It’s a list of all the books recommended by hackers to other hackers on Hacker News.  But also with the caveat that those recommended texts had to themselves get voted up by other readers.  So again, it is the community providing the editorial intelligence.  And its a compelling list of books.

Fallout

Both Hacker Monthly and Hacker Books are pure fallout of the vibrant Hacker News community.  They are also really interesting examples of how communities and publishing (and published) can interact.

Should we start a Hacker News for reference librarians/tech folk/book enthusiasts — start mining library intelligence?


Barnes & Noble has launched PubIt, a service for authors who want to publish directly to readers — well, directly through B&N. Create a B&N user account and upload some files, and PubIt will convert them to ePub, list your book on its site, collect money from sales, and about 60 days later will send you your money.

Some miscellaneous points about PubIt: You can optionally add DRM to your books, but you don’t have to. You don’t need an ISBN number. You set the list price, but B&N can set the sale price. You have to charge at least $0.99. You have to guarantee that you won’t list it for less elsewhere.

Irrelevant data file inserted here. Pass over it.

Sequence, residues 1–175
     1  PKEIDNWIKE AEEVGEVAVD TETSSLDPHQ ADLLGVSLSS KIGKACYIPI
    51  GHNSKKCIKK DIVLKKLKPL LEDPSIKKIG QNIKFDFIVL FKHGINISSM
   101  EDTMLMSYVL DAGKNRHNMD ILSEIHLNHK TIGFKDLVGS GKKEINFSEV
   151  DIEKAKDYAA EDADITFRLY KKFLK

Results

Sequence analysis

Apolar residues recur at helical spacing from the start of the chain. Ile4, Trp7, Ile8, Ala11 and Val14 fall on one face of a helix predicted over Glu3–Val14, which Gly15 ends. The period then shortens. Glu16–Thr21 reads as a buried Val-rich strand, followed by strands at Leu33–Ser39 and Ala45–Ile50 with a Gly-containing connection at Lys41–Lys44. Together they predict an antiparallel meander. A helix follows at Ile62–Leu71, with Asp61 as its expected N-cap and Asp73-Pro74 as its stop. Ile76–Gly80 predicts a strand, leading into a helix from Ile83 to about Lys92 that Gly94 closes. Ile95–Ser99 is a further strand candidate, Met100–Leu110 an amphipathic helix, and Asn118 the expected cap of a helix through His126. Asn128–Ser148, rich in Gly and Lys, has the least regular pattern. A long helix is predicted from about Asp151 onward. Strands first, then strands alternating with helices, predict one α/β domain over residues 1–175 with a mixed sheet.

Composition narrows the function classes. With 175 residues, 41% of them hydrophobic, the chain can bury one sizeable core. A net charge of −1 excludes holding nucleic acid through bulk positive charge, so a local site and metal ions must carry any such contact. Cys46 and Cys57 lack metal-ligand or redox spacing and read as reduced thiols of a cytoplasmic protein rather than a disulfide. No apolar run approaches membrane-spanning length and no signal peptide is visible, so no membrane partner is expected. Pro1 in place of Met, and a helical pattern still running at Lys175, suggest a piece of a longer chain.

How much does an author make per copy? B&N says: 65% of the list price for books priced at $2.99-$9.99, and 40% for books outside of that range. But a warning: I think I got that right, but B&N refers to the money paid to “the Publisher,” leaving us to figure out whether the publisher is the author or B&N. It’s getting so hard to tell!

(BTW, you can still buy books published at LuLu.com at B&N.)